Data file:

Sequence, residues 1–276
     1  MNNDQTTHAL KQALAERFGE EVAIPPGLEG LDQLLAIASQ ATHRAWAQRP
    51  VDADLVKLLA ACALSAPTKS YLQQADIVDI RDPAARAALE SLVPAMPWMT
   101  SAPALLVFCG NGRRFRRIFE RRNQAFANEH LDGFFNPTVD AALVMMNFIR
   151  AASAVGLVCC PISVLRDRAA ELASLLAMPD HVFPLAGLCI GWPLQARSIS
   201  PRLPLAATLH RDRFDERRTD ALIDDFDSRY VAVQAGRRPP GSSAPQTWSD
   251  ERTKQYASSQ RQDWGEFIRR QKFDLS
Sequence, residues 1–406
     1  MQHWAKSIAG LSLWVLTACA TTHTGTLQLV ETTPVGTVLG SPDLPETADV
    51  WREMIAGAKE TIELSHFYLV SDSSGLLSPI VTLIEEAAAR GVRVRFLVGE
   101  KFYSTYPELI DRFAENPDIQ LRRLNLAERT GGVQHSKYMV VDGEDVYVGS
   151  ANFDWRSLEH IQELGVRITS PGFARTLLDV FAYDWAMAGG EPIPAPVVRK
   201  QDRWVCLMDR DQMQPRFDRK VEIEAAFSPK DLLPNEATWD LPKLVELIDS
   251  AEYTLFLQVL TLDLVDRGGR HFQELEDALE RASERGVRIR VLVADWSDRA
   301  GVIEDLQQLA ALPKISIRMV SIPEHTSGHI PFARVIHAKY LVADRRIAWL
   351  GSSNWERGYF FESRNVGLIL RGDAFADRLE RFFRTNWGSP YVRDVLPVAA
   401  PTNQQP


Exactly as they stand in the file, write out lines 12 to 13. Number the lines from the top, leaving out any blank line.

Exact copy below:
   151  ANFDWRSLEH IQELGVRITS PGFARTLLDV FAYDWAMAGG EPIPAPVVRK
   201  QDRWVCLMDR DQMQPRFDRK VEIEAAFSPK DLLPNEATWD LPKLVELIDS